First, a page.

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Did we mention that an election is coming? The Wisconsin GOP has a problem. And there's more on the Ryuk outbreaks at hospitals. This is CyberScoop for Friday, October 30, 2020.

So much noise, so little time

Voters are bombarded with misinformation prior to Election Day in the form of social media posts, text messages, robocalls and tweets from President Trump and his campaign staffers. There also have been threatening emails traced to Iran, and recent reports of how a Russian agent sought to sway political opinion in the U.S. The good news is that academics have specific advice to sift through the noise. Triple check any sensational claims, they say, and be wary of claims of widespread voter fraud. Americans should also be ready to wait for election results, and avoid amplifying any sensational claims that seem to come from a “friend of a friend.” And remember: Every election security story is an infosec story. Shannon Vavra has a quick guide for the next week.

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Wisconsin GOP says it was hit by apparent BEC

Attackers digitally pilfered $2.3 million from the Republican Party of Wisconsin, according to its chairman, Andrew Hitt. He said the party first discovered the hack on Oct. 22 and that the FBI is investigating. The attack, as described, resembles a business email compromise (BEC) scam, with cybercriminals doctoring invoices in the name of party vendors. The money was dedicated to reelecting President Donald Trump in a crucial swing state. Tim Starks reports.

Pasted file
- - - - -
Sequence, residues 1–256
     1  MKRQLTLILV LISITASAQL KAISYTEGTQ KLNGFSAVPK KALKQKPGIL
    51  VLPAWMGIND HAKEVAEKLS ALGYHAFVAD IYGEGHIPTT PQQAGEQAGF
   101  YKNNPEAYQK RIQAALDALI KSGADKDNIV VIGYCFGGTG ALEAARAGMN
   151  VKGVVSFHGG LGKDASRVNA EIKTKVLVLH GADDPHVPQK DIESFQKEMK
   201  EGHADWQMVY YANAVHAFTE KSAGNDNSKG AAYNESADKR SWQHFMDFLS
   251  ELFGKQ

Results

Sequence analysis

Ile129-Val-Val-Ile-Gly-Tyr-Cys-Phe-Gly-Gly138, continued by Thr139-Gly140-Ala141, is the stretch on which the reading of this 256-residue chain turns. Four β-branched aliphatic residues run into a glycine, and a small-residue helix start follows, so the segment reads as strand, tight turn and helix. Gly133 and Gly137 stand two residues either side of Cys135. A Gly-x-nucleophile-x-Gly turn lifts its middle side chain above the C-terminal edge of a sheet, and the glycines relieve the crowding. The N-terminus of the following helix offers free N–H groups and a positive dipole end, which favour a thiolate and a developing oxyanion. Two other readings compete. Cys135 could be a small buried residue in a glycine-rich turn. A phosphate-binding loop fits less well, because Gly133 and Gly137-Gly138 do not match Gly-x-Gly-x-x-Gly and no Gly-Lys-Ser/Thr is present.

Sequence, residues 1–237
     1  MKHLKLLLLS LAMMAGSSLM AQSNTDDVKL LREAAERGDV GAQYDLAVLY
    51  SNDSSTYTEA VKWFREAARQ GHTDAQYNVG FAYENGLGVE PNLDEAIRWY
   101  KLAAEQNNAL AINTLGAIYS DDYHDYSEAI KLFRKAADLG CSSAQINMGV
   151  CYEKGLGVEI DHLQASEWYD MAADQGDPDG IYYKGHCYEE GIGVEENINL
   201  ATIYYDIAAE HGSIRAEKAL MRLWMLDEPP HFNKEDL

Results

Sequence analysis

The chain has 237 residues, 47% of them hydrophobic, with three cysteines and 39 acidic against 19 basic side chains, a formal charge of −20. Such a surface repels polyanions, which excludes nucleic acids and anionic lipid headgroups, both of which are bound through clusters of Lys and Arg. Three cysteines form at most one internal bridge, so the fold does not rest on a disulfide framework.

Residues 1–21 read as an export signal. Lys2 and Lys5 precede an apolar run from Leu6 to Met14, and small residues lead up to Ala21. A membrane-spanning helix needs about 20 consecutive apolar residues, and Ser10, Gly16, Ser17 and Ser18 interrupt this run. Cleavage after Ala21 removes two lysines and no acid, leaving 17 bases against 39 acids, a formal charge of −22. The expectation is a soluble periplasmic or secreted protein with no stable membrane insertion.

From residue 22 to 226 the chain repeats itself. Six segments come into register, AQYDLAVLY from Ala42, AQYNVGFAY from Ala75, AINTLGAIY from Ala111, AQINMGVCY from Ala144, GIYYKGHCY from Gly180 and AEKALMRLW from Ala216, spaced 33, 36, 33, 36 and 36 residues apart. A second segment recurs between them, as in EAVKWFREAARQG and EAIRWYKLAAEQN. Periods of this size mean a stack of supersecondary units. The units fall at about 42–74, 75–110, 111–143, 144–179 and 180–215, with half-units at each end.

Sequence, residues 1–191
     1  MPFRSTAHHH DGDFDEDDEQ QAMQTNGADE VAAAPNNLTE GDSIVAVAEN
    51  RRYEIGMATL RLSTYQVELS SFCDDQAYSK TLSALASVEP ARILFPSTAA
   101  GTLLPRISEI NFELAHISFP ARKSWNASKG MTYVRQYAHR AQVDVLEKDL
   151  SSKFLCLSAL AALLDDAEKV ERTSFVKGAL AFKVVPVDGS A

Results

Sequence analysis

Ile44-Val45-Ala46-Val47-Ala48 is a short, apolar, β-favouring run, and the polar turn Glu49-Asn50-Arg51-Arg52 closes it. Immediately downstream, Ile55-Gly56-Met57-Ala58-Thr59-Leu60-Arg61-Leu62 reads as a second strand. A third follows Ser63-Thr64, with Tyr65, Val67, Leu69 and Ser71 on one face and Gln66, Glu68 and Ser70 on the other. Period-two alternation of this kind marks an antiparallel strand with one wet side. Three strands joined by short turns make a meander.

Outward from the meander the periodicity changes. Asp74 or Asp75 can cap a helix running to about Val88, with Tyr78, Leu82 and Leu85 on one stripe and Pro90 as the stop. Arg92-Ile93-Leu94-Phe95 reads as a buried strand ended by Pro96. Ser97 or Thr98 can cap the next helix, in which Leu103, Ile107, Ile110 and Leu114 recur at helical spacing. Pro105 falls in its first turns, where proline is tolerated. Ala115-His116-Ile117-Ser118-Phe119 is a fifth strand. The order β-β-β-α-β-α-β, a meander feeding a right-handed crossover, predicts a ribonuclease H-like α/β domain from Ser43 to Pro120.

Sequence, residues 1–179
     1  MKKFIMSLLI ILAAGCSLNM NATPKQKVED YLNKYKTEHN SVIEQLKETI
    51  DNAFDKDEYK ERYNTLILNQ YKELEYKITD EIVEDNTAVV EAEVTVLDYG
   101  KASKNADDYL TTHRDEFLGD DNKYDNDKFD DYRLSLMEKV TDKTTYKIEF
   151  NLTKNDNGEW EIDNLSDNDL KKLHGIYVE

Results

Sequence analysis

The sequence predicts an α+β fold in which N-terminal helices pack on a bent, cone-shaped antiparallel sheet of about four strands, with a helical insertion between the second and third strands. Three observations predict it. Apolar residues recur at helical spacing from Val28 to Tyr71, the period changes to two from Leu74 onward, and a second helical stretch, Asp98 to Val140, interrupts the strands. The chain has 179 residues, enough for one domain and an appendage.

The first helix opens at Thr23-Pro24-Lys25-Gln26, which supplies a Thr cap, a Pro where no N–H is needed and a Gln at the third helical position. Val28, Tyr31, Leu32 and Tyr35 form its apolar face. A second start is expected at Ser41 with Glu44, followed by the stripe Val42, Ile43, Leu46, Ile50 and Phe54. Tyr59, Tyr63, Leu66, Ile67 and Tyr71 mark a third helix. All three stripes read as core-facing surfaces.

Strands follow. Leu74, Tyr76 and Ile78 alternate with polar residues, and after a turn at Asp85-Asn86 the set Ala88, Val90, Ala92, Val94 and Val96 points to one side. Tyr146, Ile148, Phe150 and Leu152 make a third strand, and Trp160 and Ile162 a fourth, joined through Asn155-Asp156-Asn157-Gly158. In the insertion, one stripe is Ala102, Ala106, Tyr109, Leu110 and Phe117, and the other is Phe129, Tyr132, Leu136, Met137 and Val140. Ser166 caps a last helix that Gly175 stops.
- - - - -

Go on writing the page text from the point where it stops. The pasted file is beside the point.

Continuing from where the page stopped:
Ryuk has the health sector on high alert

There’s been a lot of hacking during the pandemic, but this is different: A day after U.S. federal agencies warned of an “imminent” ransomware threat to hospitals, hospital executives are being briefed on threat while the FBI is appealing for more victim data. Meanwhile, more hospitals in the U.S. are reporting IT network disruptions because of Ryuk. The criminal group responsible is ruthless and swift to lock up computers once inside a network. Sean Lyngaas reports.

Always look closely at the photo

If you see any campaign-related documents from a firm called Typhoon Investigations, it's a good idea to immediately question their veracity. An NBC News report Thursday evening explained all the bogus things about Typhoon, which has been peddling a conspiracy theory involving Democratic presidential candidate Joe Biden's son and activities in China. Part of the analysis involves a photo of "Martin Aspen," a fake security analyst associated with a 64-page document alleging the conspiracy. Among the details that analysts noticed: "Aspen's left iris juts out and appears to form a second pupil, a somewhat frequent error with computer-generated faces." Read more.

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